Washington Governor Jay Inslee has signed into law the Long-Term Care Trust Act, creating the Nation’s first social insurance program for long-term care services and supplies.
Program Details: Effective January 1, 2025
The program will provide long-term care services beginning January 1, 2025 for individuals who need support with at least three of the following activities of daily living:
- Medication Management
- Personal Hygiene
- Cognitive Impairment
- Transfer Assistance
- Body Care
- Ambulation/Mobility and
An individual will qualify for long-term care services if the person:
- Is at least 18 years old,
- Is a Washington resident,
- Has paid the long-term services and supports premiums for an equivalent of either 10 years without interruption of five or more consecutive years, or three of the last six years.
Individuals who qualify will be eligible to receive a maximum lifetime benefit of $36,500, which can be used to pay for:
- Professional in-home care or residential living expenses,
- Wheelchair ramps, emergency alert devices, and other needed equipment,
- Training and pay for family members providing caregiving duties,
- Meal programs, transportation to the doctor, dementia education and other services.
Program Contributions: Beginning January 1, 2022
The program is funded by a payroll tax of 0.58% of one percent of the individual’s wages ($.58 for every $100 earned up to 1% of pay). Contributions will begin January 1, 2022, which three years in advance of the program providing benefits for eligible individuals.
What should employers do now?
Employers don’t need to take any immediate action. As with any new law, the state agencies will release more guidance closer to the effective date. Stay tuned for more updates.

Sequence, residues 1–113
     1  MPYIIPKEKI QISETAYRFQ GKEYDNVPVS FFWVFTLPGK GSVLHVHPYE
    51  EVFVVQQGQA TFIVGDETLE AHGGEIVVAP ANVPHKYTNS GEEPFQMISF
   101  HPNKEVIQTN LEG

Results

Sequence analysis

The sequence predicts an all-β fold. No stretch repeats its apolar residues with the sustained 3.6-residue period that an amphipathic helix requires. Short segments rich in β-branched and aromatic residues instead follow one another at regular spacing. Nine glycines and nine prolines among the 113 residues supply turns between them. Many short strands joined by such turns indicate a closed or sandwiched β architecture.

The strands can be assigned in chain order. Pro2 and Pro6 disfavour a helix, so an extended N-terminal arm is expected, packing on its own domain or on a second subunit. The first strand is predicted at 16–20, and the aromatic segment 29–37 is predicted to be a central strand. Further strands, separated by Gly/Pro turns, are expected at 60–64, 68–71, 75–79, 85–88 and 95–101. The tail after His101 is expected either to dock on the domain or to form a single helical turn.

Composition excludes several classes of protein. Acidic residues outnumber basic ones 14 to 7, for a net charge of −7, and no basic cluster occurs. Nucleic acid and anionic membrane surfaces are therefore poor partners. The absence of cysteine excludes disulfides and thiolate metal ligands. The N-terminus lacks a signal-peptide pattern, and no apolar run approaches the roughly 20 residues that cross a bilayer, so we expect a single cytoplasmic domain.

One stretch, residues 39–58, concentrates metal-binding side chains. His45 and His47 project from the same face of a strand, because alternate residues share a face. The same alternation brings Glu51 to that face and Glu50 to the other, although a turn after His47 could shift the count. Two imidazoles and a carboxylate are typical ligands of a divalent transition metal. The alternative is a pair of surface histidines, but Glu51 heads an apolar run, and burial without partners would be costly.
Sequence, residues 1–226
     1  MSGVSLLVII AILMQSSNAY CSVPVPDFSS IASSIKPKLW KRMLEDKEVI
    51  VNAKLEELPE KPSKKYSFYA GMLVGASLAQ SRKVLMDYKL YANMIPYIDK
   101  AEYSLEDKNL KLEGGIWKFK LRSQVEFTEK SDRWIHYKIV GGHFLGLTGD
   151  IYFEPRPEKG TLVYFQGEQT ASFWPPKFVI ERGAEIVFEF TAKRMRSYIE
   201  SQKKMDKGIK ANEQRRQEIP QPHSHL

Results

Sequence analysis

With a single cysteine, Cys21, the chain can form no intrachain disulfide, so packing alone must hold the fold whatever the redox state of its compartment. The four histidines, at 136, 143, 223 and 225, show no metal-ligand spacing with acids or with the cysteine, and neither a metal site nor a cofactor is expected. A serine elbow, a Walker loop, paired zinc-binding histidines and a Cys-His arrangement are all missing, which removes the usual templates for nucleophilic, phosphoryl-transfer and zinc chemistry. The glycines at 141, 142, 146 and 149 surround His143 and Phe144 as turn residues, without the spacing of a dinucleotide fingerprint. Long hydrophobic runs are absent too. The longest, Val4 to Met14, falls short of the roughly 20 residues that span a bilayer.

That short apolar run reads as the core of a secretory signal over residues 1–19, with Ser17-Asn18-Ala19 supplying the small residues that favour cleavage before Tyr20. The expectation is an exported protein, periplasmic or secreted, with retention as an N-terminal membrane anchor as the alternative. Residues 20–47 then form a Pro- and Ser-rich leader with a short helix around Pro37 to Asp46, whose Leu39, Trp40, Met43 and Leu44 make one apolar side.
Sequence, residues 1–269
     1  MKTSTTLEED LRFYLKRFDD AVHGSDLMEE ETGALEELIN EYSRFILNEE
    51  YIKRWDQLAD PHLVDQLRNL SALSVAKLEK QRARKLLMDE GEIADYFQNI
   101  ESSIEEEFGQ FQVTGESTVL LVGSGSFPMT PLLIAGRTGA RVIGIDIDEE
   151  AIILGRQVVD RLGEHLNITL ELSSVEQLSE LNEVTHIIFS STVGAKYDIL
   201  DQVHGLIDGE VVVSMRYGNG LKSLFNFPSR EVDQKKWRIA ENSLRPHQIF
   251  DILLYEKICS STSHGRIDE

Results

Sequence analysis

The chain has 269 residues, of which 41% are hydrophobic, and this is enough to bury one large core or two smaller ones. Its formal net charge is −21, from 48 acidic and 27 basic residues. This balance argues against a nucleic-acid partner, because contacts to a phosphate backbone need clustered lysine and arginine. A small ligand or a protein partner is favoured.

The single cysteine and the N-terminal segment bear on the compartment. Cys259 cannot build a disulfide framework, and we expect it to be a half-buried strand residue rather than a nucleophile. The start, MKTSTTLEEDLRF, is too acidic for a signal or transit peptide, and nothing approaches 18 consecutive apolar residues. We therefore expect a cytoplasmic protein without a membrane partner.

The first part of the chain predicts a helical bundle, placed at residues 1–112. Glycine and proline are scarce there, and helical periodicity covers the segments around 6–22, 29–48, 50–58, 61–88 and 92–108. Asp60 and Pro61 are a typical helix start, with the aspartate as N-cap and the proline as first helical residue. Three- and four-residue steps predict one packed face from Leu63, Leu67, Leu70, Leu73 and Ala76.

For more information on The Long-Term Care Trust Act, and rationale behind the law, please see the FACT Sheet released by the Washington Association of Area Agencies on Aging (W4A).
Disclaimer: The intent of this analysis is to provide the recipient with general information regarding the status of, and/or potential concerns related to, the recipient’s current employee benefits issues. This analysis does not necessarily fully address the recipient’s specific issue, and it should not be construed as, nor is it intended to provide, legal advice. Furthermore, this message does not establish an attorney-client relationship. Questions regarding specific issues should be addressed to the person(s) who provide legal advice to the recipient regarding employee benefits issues (e.g., the recipient’s general counsel or an attorney hired by the recipient who specializes in employee benefits law).